The Office of Minority Health actively participates in cosponsoring health workshops with local community organizations, regional entities and state level conference conveners addressing health inequities among African Americans, Hispanics, American Indians and Asian Americans. Alabama’s OMH is also working with local Community Health Advisors and Latina Promotoras in nine counties of the state to promote breast and cervical Cancer early detection and screening in underserved and uninsured women. The AL-OMH provides leadership in enlisting minority partners to conduct outreach to communities in need of statewide programs such as REACH 2010 and Sowing Seeds of Health. REACH 2010 is a CDC-funded Alabama project using Community Health Advisors as lay health workers promoting screening and early detection of breast cancer in African American women. Sowing Seed of Health is a program training Latinos as lay health workers (Promotoras) in breast cancer awareness screening and early detection. The AL-OMH has collaborated with the Alabama Indian Affairs Commission and has completed the first health survey, “Health Survey of American Indians of Alabama 2008: Keeping the Circle Healthy”. This document presents for the first time a self reported picture of the risk factors, health status and lifestyle behaviors of Alabama Indians.
Program Data Evaluation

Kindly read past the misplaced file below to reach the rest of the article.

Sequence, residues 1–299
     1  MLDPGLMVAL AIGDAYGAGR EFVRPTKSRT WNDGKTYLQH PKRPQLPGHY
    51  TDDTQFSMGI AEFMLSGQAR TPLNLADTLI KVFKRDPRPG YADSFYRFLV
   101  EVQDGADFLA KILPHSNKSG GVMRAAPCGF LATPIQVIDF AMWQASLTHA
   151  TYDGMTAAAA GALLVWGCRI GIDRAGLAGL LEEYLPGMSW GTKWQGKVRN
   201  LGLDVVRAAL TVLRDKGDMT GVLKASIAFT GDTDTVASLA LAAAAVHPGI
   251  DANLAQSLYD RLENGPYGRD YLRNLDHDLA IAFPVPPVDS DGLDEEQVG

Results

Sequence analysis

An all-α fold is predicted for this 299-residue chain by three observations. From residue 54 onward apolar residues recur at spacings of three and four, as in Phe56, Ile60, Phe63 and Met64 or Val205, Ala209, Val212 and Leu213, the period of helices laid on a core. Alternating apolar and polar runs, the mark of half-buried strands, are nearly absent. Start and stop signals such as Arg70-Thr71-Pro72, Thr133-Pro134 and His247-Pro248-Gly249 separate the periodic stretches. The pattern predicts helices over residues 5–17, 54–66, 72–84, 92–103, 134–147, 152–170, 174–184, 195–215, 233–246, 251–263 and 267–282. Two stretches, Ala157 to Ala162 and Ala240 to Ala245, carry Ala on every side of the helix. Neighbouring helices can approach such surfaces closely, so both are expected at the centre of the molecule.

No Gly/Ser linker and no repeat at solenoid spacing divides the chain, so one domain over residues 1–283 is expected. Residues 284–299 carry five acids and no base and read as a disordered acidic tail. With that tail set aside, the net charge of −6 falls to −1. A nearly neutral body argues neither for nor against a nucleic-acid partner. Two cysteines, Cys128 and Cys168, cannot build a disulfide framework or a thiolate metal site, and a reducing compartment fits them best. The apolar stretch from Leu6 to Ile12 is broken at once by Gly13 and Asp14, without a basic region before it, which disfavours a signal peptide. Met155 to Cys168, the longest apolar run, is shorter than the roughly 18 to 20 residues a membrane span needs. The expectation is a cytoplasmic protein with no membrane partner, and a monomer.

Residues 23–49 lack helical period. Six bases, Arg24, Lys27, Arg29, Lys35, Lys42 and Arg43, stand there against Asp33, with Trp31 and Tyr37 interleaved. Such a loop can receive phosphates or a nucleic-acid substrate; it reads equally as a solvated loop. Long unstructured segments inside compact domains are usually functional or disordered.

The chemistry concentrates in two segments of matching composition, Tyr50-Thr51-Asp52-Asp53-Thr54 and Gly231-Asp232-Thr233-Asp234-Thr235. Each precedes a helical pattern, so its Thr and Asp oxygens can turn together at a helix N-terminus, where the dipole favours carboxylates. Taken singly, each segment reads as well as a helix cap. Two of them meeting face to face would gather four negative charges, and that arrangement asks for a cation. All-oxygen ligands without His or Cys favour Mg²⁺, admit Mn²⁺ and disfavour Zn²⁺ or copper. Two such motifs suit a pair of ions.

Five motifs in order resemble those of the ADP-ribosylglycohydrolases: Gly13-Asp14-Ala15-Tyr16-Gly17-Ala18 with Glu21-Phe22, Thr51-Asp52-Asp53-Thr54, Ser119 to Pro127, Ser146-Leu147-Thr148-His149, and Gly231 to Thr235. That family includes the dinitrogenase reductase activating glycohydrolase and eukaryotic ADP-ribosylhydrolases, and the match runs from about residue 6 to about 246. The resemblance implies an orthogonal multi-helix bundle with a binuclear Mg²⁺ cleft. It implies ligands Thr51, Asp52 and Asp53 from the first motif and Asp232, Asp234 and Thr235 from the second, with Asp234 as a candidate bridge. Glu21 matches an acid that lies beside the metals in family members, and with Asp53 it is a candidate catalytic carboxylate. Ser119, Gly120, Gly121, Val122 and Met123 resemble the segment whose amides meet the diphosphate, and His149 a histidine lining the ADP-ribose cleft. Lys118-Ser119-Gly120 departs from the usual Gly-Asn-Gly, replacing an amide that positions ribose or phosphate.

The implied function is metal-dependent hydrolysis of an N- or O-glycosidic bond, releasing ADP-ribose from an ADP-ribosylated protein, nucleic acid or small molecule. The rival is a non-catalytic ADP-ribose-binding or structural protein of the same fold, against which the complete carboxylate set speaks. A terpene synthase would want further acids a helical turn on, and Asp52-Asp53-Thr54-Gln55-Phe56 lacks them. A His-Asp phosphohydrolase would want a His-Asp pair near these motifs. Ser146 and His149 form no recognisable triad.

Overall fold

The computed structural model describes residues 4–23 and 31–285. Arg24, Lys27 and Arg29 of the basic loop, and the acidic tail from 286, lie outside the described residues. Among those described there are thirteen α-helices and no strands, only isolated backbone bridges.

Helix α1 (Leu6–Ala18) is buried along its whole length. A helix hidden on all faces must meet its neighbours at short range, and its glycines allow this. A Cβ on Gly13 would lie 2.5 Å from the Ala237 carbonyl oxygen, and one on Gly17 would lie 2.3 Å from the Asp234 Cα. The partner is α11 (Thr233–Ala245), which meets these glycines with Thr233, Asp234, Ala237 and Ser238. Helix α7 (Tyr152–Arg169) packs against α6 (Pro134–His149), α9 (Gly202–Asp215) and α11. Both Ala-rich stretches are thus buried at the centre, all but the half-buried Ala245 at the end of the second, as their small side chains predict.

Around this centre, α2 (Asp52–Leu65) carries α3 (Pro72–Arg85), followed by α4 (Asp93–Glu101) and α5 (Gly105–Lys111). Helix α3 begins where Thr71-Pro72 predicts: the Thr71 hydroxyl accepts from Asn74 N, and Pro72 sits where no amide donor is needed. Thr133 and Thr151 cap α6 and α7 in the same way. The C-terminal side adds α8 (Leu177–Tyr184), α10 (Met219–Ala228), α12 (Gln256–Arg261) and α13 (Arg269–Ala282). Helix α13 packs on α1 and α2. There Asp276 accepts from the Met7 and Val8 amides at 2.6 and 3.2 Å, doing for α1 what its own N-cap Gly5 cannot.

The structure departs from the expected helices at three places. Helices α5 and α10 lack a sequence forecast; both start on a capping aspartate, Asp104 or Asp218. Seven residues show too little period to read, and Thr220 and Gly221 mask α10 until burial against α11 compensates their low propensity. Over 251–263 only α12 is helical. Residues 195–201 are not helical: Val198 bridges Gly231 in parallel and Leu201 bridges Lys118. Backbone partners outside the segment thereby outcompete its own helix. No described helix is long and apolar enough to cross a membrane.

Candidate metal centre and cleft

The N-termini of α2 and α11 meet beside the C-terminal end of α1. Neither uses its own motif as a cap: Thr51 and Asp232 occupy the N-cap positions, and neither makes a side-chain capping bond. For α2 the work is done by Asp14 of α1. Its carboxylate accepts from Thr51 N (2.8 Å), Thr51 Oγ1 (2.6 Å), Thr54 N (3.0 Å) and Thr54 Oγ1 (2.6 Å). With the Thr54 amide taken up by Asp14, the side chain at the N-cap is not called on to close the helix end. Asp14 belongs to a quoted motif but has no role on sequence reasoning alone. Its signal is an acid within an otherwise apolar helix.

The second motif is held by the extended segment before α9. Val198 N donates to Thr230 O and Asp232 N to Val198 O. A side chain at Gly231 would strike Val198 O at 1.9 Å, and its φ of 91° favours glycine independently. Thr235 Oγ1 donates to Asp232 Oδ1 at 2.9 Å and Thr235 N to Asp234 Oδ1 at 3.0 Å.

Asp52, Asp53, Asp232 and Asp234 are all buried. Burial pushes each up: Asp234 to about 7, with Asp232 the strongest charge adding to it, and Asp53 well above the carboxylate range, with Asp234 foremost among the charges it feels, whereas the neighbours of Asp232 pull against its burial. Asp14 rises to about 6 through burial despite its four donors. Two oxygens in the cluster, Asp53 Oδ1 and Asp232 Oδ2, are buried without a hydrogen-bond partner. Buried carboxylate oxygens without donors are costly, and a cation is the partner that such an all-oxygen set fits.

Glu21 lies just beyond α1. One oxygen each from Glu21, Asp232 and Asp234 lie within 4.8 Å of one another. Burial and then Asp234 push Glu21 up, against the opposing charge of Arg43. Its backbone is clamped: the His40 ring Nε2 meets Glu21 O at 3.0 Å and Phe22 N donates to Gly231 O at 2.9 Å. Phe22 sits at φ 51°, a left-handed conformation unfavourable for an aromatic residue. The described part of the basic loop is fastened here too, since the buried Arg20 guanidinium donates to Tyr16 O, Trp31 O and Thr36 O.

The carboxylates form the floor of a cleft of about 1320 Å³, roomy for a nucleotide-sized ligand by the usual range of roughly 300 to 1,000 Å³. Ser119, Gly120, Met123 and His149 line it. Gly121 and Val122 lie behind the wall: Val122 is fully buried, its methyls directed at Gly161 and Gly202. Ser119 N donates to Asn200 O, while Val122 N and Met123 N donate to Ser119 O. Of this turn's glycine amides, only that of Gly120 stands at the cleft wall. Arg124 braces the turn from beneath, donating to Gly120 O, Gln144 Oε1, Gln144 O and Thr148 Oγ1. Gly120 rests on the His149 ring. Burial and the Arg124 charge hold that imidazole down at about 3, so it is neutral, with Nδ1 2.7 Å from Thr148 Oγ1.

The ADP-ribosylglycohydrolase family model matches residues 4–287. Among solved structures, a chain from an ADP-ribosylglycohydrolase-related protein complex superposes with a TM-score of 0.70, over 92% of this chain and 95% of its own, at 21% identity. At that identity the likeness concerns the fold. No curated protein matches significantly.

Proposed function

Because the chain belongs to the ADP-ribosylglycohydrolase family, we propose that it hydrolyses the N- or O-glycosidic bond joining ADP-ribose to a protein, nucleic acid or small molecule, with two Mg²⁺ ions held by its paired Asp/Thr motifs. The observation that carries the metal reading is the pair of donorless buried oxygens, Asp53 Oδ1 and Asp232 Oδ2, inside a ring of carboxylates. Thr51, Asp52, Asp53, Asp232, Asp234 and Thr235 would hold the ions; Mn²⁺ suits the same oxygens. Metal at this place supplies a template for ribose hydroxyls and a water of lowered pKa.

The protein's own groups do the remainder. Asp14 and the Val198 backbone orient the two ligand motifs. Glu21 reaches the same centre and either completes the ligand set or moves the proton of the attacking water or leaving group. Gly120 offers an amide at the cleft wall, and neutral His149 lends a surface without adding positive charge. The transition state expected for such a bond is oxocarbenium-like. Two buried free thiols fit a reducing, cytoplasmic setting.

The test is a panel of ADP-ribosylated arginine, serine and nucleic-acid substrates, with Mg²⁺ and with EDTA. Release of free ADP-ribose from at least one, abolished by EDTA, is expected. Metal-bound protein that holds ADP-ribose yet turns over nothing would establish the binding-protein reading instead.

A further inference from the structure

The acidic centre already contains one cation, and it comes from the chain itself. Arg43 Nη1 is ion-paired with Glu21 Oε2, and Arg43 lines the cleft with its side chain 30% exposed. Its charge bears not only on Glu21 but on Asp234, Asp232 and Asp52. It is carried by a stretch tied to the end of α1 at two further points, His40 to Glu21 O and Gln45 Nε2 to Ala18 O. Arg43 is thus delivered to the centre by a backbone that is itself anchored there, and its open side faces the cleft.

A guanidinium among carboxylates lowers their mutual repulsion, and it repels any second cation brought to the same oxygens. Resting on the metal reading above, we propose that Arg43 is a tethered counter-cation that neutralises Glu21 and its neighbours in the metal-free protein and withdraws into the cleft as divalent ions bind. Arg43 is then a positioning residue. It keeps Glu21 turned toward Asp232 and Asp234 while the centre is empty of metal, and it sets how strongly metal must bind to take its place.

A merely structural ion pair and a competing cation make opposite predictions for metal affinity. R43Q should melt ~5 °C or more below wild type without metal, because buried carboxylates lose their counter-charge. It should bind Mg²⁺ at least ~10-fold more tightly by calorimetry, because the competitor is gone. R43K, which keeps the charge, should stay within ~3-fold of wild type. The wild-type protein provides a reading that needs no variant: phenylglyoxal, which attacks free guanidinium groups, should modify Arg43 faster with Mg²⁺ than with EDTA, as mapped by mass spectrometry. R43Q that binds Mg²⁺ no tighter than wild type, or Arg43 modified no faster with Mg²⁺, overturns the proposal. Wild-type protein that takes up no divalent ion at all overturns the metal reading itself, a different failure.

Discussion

Utilizing the internal Alabama Department of Public Health Disparities Advisory Council, the OMH is collaborating with the Council’s Evaluation Committee to develop tools to measure the effectiveness of service delivery in the public health chronic disease programs. The AL-OMH’s web site to showcases the different state, regional and local activities taking place to reach the Healthy People 2010 goals by 2010.
Eliminating Health Disparities Statewide Initiatives
Through funding provided by the Federal Office of Minority Health’s State Partnership Grant Program, the AL-OMH has initiated data collection action steps needed toward the formation of a State Health Disparity Plan. Base line data has been collected on the health indicators of the five minority population groups in Alabama. A draft State Health Disparities Plan was unveiled November 15, 2008. The preliminary work toward the publishing of a health disparities elimination plan has been addressed by the Public Health Department’s internal Health Disparities Advisory Council. However, the Faith Based organizations and other state entities have not come together as one body in the planning process.
Level of Funding Sources
The current staffing consists of a director, an assistant director, a public information specialist, a health equity manager, and an Administrative Support Assistant. The AL-OMH share (in-kind) a half time research analysis consultant position with the Office of Rural Health to assist with data retrieval and data analysis of the community health assessments.
In 2006, the AL-OMH produced a document entitled, “Emergency Preparedness Resource Guide to the Mobile Area: Connecting the Community to Community Resources.” This publication was produced as a response to the need to identify community level resources after Hurricane Katrina.
In February 2009, the AL-OMH published a document entitled, “Health Survey of American Indians of Alabama 2008: Keeping the Circle Healthy.” This document presents for the first time a self reported picture of the risk factors, health status and lifestyle behaviors of Alabama Indians.
All of the publications by the AL-OMH can be downloaded in PDF format on the web-site at www.adph.org/minorityhealth.